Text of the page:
Tuesday, November 21

Alumna reaches greater operatic highs with support of family, mentors


Alumna Angel Blue graduated from UCLA's music program in 2008 and has gone on to sing in major opera houses and concert halls around the world. (Courtesy of Angel Blue)

Alumna Angel Blue graduated from UCLA's music program in 2008 and has gone on to sing in major opera houses and concert halls around the world. (Courtesy of Angel Blue)


An Olympic Carnival The Hollywood Bowl Friday, Aug. 12, 8 p.m. and Saturday, Aug. 13, 8 p.m. Prices vary

Angel Blue’s first opera album was a gift from her father.

At 5 years old, Blue listened to Leontyne Price’s seasoned vocals on “A Program of Song” over and over, falling more in love with the music with each aria, she said.

Eighteen years latercido Domingo in 2007. After Blue finished her last aria, Domingo offered Blue praise she has not forgotten since: “You remind me of my friend, Leontyne Price.”

Since earning her master’s degree from UCLA’s music performance program in 2008, Blue became an international opera singer with a stage career spanning over 30 countries. In June

“I kind of just fell in love with singing because of my dad,” Blue said. “Had he not been a singer, I probably would have done something else, too.”

But Blue said she did not plan on taking her love of music to UCLA until she met maestro Jon Robertsonthe chairman at the department of music at UCLA

 “When she opened her mouth and started to sing, I was virtually blown away,” Robertson said.

At this point, Blue was studying music for her undergraduate degree at the University of Redlands and was unsure whether or not she would continue her education after graduation.

But Robertson said he knew UCLA could cultivate Blue’s raw talent and clean up her technical flaws to prepare her for prestigious opera stages. However, Blue had other plans for her education.

“I had my heart set on Juilliard,” Blue said. “I only wanted to go to Juilliard – there was no other place for me.”

But two rejections from The Juilliard School and encouragement from Robertson prompted Blue to begin training with UCLA voice professor Juliana Gondek for a UCLA audition. For about two years, Blue attended private voice lessons at Gondek’s house, where Blue worked diligently to overcome her technical flaws, Gondek said.

“She knew deep, deep in her soul where her mission in life lay,” Gondek said. “She never wavered from her commitment and her conviction that (opera) was her destiny.”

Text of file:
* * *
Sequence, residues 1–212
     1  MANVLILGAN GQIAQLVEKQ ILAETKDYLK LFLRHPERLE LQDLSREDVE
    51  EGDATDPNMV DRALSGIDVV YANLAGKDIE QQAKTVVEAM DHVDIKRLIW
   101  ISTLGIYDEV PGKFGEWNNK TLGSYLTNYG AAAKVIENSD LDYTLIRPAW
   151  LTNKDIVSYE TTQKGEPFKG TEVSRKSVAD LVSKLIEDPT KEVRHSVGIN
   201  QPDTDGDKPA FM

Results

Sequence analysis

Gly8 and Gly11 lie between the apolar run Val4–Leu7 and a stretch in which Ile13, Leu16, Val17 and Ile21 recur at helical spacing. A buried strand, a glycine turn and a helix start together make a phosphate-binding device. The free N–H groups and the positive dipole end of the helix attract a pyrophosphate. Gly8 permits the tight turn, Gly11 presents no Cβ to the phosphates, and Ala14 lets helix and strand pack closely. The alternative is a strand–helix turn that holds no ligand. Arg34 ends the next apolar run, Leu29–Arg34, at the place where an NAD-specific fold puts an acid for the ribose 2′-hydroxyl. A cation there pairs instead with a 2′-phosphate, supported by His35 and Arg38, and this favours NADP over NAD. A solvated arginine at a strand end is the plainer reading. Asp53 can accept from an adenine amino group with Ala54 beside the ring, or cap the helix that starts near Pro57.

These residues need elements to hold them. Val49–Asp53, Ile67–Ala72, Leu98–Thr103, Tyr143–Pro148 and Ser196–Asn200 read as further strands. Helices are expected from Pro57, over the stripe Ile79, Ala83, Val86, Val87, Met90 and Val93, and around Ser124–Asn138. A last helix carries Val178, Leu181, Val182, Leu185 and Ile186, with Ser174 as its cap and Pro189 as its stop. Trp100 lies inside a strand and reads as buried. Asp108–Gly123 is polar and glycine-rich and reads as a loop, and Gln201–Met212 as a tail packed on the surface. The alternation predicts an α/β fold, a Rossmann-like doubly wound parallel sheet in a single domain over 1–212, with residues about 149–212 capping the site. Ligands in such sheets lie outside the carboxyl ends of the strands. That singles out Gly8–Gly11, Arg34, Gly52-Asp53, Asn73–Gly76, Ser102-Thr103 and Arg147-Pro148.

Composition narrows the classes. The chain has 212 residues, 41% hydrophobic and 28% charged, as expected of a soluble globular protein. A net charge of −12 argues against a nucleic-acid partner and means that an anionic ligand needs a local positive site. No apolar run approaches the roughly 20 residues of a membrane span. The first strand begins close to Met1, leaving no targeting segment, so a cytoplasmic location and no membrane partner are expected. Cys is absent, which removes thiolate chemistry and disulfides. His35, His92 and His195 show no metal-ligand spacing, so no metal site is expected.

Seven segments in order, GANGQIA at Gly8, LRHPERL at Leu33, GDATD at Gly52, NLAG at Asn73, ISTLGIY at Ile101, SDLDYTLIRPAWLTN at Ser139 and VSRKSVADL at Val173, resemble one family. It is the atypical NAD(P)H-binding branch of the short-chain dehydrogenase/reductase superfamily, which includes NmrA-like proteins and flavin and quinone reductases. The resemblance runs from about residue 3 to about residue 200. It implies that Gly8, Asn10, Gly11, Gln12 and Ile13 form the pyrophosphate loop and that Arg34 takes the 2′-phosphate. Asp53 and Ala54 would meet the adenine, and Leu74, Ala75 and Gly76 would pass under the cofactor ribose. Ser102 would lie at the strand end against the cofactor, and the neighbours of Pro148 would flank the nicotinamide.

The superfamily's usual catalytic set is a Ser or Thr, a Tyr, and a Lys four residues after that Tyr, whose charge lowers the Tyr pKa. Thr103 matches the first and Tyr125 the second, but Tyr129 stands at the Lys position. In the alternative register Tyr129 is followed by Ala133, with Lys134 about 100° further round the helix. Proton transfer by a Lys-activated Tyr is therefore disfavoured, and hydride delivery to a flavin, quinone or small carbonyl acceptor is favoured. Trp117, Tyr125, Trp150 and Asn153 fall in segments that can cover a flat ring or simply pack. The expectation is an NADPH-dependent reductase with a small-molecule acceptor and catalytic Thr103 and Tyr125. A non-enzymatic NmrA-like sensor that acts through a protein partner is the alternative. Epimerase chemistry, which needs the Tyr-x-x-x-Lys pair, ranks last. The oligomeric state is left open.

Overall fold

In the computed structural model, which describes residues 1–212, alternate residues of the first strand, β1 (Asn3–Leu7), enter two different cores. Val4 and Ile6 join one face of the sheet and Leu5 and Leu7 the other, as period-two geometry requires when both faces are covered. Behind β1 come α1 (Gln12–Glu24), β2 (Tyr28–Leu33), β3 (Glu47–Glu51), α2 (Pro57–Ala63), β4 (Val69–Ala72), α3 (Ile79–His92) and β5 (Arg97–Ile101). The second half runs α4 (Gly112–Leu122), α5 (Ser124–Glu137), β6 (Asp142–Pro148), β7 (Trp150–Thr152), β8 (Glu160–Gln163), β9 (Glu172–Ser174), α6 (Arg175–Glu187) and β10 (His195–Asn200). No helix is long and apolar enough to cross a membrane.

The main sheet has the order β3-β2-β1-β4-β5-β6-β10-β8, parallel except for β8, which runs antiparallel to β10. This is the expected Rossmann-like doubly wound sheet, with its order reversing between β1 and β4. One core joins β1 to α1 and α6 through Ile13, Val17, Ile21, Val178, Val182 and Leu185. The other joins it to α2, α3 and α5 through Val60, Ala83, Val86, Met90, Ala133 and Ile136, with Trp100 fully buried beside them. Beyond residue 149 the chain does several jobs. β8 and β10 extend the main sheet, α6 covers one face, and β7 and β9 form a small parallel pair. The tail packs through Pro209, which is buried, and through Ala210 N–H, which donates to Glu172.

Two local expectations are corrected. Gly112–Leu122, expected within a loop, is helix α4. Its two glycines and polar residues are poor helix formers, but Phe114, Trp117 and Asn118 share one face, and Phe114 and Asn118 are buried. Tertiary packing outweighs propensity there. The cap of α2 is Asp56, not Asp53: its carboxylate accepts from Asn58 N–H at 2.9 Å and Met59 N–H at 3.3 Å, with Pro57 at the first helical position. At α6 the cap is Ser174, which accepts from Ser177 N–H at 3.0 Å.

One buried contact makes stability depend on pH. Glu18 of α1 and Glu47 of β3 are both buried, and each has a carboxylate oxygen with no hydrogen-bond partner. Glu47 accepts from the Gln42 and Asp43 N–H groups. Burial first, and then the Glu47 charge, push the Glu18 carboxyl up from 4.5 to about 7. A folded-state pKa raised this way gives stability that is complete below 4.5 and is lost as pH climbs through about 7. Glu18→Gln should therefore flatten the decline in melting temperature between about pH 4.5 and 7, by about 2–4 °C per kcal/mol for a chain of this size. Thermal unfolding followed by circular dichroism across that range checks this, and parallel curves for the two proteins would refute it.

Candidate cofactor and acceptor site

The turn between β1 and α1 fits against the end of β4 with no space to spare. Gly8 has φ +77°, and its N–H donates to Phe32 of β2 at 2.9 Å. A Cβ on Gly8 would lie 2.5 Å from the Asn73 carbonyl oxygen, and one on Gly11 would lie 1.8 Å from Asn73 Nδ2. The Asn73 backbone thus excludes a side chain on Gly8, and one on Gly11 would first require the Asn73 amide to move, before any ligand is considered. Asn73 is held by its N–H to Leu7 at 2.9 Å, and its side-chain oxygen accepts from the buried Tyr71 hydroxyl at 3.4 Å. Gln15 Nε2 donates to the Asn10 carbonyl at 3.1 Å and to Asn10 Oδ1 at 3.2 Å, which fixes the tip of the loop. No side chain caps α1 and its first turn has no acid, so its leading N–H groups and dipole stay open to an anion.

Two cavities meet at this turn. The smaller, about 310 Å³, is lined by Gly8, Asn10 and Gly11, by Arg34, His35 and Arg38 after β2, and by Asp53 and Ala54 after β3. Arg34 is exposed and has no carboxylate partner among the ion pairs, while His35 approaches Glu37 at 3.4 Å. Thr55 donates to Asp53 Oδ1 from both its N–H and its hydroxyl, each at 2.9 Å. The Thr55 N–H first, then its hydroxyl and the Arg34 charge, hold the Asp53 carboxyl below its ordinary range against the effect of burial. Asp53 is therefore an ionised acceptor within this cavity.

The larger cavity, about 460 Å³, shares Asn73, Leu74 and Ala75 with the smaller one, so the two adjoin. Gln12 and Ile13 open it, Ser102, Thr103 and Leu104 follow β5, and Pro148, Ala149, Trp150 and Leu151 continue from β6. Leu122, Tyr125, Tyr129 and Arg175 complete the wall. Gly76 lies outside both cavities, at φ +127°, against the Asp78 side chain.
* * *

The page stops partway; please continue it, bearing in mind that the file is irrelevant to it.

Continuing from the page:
UCLA music professor Michael Dean said he recognized Blue’s resolve to learn and improve while she studied for her masters degree.

“Everything about her was just the ideal student – exactly what we look for in a young artist,” Dean said. “Someone who is intellectually curious, talented but doesn’t just coast on her talent.”

Dean said he knew Blue had the potential to have a successful career on the operatic stage while watching her sing the part of Suor Angelica in a UCLA production of the show by the same name. Dean said Blue showcased not only incredible vocal ability but also natural dramatic sensibility.

“I can absolutely pinpoint that as a moment when I thought to myself, ‘This woman is going places,’” Dean said.

But Blue said the audience member she cared most about impressing was her father.

“I just remember him being in this purple suit, and he was so proud,” Blue said. “He knew all the words.”

She said her vocal teachers and coaches’ unwavering interest in her career fuels her passion both in times of success and disappointment.

Blue’s music education at UCLA came to a halt after her father’s death in 2006, she said. In her grief, she said she tore up much of her music and questioned her purpose as a musician.

“At that time, I think the reason I sang was because (my father) was going to be in the audience,” Blue said. “When I realized that he wasn’t going to be there, it was like, ‘Why am I doing this?’”

Blue took a two-month break from opera and from UCLA after her father’s death. She said she did not return to her musical pursuits until she was one of multiple opera singers invited to sing for nine-time grammy award-winning opera singer Domingo to audition for his Young Artist Program. Blue said her father frequently insisted she would one day meet Domingo, and that he would become enamored with her voice and personality.

“I was thankful for the opportunity to sing for (Domingo),” Blue said. “It was a sign from God for me, as ‘This is what you’re supposed to be doing.’”

Domingo offered Blue a spot in his Young Artist Program, and she finished her UCLA education as his protege, she said. Since graduating, Blue has received first place in the Zarzuela competition at the 2009 Operalia and an Opera Award nomination in 2015.

As for her upcoming Hollywood Bowl performance, Blue said she is excited to sing as part of “An Olympic Carnival: Sergio Mendez & 50 years of Brasil ’66″ for her friends and family in the state she calls home.

“I’m very proud to be Californian,” Blue said. “I really feel like if there was ever an opera singer that really came out of the California system of study, it’s me.”

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Carras is an A&E senior staff writer. She was previously the assistant editor for the Theater Film and Television beat of A&E.


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